International Fiberglass made two kinds of indians you could order. One was an indian brave with a bare chest and normally one or 2 feathers and a serious face. This version seems to be the more common today and was the indian chosen by the mohawk gas stations to be their mascot. The second indian was almost the same but actually had a different head mold with a fierce facial expression and a full indian headdress. Other then the head both versions are the same from the neck down. One of the more uncommon full headdress indians can be found in the small town o Montpelier, IN and he has lived here since January of 1984. Like many full headdress indians his life started out at a Pontiac dealership. I have heard this over and over now in my travels and when asking about the history of an indian the answer is often “oh we got him from a pontiac dealership”. Somewhere back in the day Pontiac must have decided that an Indian muffler man would make a good mascot and at least a dozen of these guys were ordered and stood at lots scattered across america. Both head versions were used at Pontiac lots and the idea seemed to die out and lots sold the indians mostly in the early 80’s. The name Pontiac was first used around 1893 by the Pontiac Buggy Company later becoming Spring and Wagon Works Company. The Pontiac Buggy Co. originated in Pontiac, MI and got it’s name from the location named after Indian Chief Pontiac. In 1906 the Oakland Motor Car Co. merged with them and in 1909 GM acquired both brands. Seventeen years later in 1926 GM marketed it’s first Pontiac car and it set an automobile industry record selling 76,000 cars the first year and priced under $900.
The Montpelier indian stood at a Pontiac lot in during the 70’s as many indian versions did. This one stood at Dave Waite Pontiac at 54th and Keystone and he even appeared in some International Fiberglass promotional material from 1969. After being taken down he was given to the city by Larry P. Godfroy who is the great grandson of Francois Godfroy, the last war Chief of the Miami indians who once lived in the area. Today the muffler man stands on the main intersection in Montpelier and still proudly wears his IF label on his leg.
Thanks to Terry Nelson for providing the vintage photograph of the indian during his days at Dave Waite Pontiac. (the old black and white picture had been reversed for advertising purposes)
Finally another Indian! This was my third indian sighting and after a bit of cunfusion when first arriving on campus we quickly found the brave overlooking the football field (kind of hard to miss). Today you can find him standing at McEachern high school in Powder Springs and he has been here for at least 35 years I was told by the coach. I’ve heard a few versions of his history and there are some conflicts between Buckhead and Marietta Georgia as his previous location but we do know that he stood at a Pontiac dealership at one of these towns from the late 60’s to the early 70’s before being purchased by the McEachern class of 1973. When they graduated they gave him to the school as a class gift and he as been standing on a tall pole behind the bleachers ever since.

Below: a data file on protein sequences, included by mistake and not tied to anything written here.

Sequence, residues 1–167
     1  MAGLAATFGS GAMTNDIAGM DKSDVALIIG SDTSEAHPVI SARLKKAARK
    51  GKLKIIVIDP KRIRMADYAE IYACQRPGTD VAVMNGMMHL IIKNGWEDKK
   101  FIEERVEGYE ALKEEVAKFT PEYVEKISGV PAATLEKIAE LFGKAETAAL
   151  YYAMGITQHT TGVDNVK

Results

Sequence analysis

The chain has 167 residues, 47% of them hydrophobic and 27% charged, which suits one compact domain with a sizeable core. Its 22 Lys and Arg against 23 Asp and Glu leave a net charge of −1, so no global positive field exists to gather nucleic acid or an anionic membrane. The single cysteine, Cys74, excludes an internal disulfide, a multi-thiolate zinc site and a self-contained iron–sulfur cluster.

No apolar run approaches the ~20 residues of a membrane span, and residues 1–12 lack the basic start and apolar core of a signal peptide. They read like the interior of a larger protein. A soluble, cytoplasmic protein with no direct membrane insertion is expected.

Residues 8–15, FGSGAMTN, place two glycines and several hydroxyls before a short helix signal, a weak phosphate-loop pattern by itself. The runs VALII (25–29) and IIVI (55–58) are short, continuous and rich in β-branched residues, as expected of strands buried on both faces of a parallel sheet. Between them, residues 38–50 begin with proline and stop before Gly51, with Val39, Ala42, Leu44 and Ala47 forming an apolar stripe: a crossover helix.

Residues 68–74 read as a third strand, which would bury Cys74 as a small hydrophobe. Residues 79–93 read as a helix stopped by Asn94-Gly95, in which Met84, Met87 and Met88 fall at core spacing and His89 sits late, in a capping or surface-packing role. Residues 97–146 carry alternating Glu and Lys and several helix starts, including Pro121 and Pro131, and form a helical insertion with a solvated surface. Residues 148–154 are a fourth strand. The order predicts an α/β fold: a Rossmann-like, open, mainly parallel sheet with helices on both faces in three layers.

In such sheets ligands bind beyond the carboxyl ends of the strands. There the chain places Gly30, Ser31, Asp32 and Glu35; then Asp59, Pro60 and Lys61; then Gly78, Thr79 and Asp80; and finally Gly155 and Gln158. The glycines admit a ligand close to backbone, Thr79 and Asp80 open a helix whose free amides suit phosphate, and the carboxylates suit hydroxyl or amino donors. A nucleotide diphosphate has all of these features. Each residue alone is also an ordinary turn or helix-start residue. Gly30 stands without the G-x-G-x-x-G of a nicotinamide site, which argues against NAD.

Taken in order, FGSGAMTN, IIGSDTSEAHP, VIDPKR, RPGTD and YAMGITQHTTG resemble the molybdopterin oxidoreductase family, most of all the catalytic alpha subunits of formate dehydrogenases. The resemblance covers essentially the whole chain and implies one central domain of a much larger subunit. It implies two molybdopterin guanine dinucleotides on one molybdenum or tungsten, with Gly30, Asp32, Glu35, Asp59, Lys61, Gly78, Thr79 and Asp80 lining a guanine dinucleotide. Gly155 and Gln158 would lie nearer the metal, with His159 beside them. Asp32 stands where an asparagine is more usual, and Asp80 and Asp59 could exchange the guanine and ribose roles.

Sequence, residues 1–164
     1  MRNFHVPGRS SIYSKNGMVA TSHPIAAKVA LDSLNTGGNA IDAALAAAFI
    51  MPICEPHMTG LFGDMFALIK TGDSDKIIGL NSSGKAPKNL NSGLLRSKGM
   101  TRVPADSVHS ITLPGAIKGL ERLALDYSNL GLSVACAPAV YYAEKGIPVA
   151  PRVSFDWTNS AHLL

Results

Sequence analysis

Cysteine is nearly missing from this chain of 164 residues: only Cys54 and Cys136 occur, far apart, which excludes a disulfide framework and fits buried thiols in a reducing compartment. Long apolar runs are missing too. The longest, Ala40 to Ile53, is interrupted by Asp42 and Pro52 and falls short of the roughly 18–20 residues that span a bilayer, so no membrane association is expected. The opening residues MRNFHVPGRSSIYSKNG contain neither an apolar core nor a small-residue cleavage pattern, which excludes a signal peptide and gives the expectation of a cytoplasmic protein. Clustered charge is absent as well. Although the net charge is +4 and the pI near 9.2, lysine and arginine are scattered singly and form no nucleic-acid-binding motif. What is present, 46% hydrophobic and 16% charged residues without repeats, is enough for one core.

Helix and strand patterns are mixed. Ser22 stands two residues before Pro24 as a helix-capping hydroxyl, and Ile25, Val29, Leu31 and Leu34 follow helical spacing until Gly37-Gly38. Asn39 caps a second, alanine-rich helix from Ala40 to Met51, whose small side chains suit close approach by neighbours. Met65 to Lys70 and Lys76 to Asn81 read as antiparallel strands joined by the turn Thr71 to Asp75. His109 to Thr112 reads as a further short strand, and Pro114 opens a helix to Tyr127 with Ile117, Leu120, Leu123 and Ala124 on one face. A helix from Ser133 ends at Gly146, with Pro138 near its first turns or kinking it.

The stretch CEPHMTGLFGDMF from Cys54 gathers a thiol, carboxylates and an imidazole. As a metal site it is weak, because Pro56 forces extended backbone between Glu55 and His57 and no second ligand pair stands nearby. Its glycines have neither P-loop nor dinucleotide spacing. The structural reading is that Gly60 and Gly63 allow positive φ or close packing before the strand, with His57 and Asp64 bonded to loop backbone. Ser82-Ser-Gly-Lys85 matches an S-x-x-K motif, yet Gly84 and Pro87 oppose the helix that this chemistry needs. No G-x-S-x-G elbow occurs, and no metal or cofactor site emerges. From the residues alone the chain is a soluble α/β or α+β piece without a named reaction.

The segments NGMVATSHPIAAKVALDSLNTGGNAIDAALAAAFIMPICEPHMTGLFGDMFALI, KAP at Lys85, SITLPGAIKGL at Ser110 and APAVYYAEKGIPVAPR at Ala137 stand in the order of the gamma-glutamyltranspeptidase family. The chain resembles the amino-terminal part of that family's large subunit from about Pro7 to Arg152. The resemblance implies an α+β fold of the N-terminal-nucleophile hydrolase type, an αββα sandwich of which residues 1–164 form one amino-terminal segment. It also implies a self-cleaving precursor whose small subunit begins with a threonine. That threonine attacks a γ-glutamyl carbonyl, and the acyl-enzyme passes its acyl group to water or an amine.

I have studied indian muffler men carefully and they do vary slightly. I believe that International Fiberglass made a few adjustments to their mold as they went along and sometimes you can notice slight differences. Indians came in a few versions and you could get an Indian Brave or a Chief with a full head dress. The one here at Powder Springs sports a single feather and he also lacks the suspender buttons on his pants. As with all Indians his pant legs drop to the top of his shoes and as is common with these full legged pants he has the International Fiberglass logo on his leg above the right knee. Sometimes you have to look carefully for these logo’s because after 40 years and 10 layers of paint they can be hard to spot. Also Indians often have arms that clearly have break or mold points on them where two pieces were bolted together. You can see this on dozens of Indians across America unlike other standard muffler men who do not have a visible joint. Something I also noticed is that the eyes can vary on Indian muffler men. For example this one here in Powder Springs (top) has large big eyes while my #4 sighting in Plainfield, TN (bottom) had smaller eyes like he was half squinting.
One of the sadder Indian stories I have was what was to have been my #61 sighting at the Orange County Fairgrounds in NY (sadly my #61 sighting had to settle for the Elmsford M Man). This is the same Orange County that “Orange County Choppers” is from and a indian muffler man has stood on the fairground for years. I drove by Middletown on the 28th of July but decided I could to see him in a few days since it was getting late in the day. I arrived at the fairground on July 4 2012 only to discover that he had been torn down on the 2nd after standing at his post since the 70’s! I learned a hard and important lesson that day, always visit a muffler man when you have the chance, you never know when he will move on (or in this case, get trashed). It’s true he was in VERY rough shape and he had been patched and repaired so many times that only his head looked muffler man like. His name was Towaco and he stood in the Indian Village area of the fairgrounds. I spent a good part of the afternoon visiting each and every dumpster on the grounds trying to locate the pieces but he was gone. A call to the fairgrounds a few days later informed me that thankfully the head had been rescued from the dumpster and taken home by one of the men that helped take the giant down. I was happy to know that at least somewhere in Middletown an Indian head in very good condition probably graces someone’s garage or storage shed. Thanks to Debra Jane Seltzer for letting me use a picture she took of the Orange County Indian in 2010 before he was taken down. You can read more at http://agilitynut.com/giants/nymm.html